In a similar vein, Fisher (as cited by Franklin, 1988, p. 157) saw artwork titles  as guides for interpretation serving a hermeneutical function, and Levinson (September 1985, p. 30)—using music as an example—explained how titles guide perception of the stimuli we are exposed to through the work.
Reference and Origami
There's also much to say about model names and the types of models, particularly figurative, geometric, and practical models. For that, we'll have to mention the referent; I'm talking about the object referred to by the model (read the definition of "symbol" and "symbolism" in Diccionario de Filosofia by Ferrater Mora). This is easier to understand in figurative origami; an origami cat is precisely that because the folded paper evokes the real living feline creature. In geometric origami—for example in modular origami—their referents (geometrical shapes) are abstract representations. Different objects from the real world can resemble a particular shape, like the octagonal shape of a stop sign or the spherical shape of a Ping-Pong ball. The abstract object is their referent .
In both cases (geometric and figurative origami), I consider we have succeeded in creating a new model when the fold—without the name—is enough to evoke the referent . One thing is to show people your new model and receive answers along the lines of: "What a cool looking lion!", "It looks like a star," or even "Ugh… your angel is ugly as hell;" despite the observer's personal thoughts the referent is never put in question. Another thing is to show people your model and getting the following response: "What is that?" You are then obligated to confess its referent; if the model itself isn't enough to evoke the object, then it's possible that your model still needs work . You can assess your own "figurative" (including geometric) model by showing it to different observers omitting the name and wait and see if they are able to make out the referent through the model. As a side note, I believe this tends to be easier to accomplish with geometric rather than with figurative origami; real-life and even made up objects and creatures are more complex than geometric shapes.
In 2010, I (Gerardo, June 28, 2011) created Another Toilet (Figure 3). On one occasion—when a little friend of mine had recently had her third birthday—she took the origami toilet and played with it, placing it close to her butt and making a shhh sound with her mouth, imitating peeing. You can't get a better assessment than that! Practically a baby, she could have seen anything through that fold or even nothing at all—at least nothing of interest to her. Despite that, what she saw and acknowledged was what I intended others to see through my model: a common toilet. Bear in mind what I had mentioned before about the intention of the creator.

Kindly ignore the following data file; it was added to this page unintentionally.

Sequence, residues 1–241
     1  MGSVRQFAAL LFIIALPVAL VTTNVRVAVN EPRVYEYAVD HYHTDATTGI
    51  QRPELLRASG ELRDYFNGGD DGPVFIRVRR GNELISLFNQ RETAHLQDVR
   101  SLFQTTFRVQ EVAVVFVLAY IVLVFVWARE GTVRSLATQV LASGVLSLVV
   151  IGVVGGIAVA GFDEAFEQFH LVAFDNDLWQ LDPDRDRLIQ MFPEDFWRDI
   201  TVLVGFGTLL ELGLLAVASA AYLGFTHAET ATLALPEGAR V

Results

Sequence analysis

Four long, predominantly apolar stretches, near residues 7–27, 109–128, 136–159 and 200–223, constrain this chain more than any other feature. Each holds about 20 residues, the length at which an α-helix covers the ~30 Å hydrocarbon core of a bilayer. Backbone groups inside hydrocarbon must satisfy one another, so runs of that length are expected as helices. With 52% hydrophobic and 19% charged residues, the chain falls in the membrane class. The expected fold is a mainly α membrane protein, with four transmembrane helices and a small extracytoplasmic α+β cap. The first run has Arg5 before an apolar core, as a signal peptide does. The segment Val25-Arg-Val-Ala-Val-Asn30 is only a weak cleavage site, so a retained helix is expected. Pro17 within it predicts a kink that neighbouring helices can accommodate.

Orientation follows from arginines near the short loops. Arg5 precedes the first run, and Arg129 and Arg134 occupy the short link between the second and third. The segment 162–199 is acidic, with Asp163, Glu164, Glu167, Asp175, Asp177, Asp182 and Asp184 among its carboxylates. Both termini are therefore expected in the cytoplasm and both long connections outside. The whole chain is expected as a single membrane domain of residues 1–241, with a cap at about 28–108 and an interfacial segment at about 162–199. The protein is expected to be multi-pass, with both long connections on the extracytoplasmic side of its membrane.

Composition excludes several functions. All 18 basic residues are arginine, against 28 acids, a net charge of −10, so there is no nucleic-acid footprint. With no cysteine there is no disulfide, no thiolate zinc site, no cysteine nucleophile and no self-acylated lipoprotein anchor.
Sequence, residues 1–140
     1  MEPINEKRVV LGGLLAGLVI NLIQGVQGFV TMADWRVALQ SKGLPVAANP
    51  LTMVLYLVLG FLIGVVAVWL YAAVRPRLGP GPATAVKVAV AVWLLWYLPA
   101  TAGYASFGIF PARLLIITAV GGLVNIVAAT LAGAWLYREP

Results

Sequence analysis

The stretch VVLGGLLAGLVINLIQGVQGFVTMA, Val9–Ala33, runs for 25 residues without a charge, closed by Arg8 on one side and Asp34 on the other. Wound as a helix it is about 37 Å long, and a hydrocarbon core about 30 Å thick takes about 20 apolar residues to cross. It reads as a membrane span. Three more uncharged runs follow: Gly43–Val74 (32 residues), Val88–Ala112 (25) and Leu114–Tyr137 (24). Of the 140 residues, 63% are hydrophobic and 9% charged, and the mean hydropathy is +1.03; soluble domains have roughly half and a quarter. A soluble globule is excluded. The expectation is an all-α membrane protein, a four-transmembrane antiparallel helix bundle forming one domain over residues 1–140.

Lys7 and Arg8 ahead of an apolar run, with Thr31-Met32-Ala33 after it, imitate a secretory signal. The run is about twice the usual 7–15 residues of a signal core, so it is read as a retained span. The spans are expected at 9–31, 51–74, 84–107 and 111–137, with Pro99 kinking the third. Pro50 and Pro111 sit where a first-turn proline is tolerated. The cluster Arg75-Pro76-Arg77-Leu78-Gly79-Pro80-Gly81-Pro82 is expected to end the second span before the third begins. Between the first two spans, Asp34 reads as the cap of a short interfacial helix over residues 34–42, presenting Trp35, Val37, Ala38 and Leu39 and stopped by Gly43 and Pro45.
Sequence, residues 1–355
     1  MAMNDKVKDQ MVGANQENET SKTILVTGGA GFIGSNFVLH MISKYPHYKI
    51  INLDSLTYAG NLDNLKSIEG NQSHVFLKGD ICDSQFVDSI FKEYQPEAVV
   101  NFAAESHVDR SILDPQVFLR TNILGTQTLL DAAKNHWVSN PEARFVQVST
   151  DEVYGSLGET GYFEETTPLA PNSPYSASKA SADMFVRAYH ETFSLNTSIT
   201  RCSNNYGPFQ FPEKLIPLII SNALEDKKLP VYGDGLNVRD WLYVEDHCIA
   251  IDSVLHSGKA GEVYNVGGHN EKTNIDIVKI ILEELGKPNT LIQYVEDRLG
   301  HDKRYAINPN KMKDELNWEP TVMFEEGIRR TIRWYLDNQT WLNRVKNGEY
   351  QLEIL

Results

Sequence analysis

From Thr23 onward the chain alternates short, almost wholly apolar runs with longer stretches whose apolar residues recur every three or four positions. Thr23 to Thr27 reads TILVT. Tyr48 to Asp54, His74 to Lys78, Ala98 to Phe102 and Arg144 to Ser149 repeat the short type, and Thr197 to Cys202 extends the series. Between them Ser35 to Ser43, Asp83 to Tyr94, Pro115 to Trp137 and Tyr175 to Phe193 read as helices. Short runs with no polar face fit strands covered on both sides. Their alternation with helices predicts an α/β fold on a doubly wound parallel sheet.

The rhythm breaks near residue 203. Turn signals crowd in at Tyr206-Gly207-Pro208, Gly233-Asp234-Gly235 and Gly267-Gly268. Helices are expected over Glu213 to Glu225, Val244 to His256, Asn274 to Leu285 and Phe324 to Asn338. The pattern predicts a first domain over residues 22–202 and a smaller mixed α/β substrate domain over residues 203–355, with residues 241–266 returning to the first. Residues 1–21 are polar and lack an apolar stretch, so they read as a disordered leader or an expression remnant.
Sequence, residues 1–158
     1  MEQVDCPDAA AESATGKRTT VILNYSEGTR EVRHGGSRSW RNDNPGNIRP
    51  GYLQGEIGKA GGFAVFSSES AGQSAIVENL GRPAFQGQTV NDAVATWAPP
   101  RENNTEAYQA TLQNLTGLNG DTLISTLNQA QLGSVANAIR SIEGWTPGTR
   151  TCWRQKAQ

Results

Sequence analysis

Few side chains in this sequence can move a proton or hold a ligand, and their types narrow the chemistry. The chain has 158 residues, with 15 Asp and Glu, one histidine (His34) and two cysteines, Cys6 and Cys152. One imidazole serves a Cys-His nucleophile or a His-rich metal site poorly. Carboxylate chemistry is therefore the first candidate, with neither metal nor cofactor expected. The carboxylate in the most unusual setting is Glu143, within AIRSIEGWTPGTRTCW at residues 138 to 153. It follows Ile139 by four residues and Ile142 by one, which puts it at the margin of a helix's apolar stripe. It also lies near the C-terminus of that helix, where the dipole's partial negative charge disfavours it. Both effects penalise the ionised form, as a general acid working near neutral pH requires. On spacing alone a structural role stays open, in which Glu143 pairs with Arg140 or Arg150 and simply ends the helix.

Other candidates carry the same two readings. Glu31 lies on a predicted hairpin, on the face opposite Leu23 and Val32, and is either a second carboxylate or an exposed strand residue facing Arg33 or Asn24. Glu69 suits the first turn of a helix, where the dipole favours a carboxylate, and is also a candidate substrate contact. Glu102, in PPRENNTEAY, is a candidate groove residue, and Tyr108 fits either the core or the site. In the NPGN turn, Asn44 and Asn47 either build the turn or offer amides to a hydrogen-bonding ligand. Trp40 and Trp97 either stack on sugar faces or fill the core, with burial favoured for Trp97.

Figure 3: A fold of Another Toilet.
I have this suspicion regarding all of this: complex origami (in terms of very detailed models) has become increasingly popular with time partly because of the assessment of the model's referentiality. It's almost impossible to point to a well-folded Díaz's (2006, pp. 147-157) Hippocampus (Figure 4) and ask what it is; it has everything to look like the mythological creature. Same thing goes with models like Lang's (2003, pp. 489-518) Black Forest Cuckoo Clock (Figure 5), Kamiya's (2010, pp. 62-64) Ryūjin—especially version 3.5 (Figure 6)—and many other complex models. With them, origamists have the best chance of communicating successfully with the observers. The fold is shouting what the model is and the observers are hearing it loud and clear. Although in these examples, and some other, the observer might not know the corresponding referent; I didn't know who Ryūjin was until I read about him as I prepared this article. Related to this referential clarity, complex origami has allowed an increasing specificity of its referents; instead of representing a generic beetle, you can represent a concrete species. These are very good reasons to love and keep on exploring and expanding complex origami.
Figure 4: Andrés Lozano's fold of Díaz's Hippocampus.
Figure 5: Atilla Yurtkul's fold of Lang's Black Forest Cuckoo Clock.
Figure 6: Tomasz Krawczyk's fold of Kamiya's Ryūjin 3.5.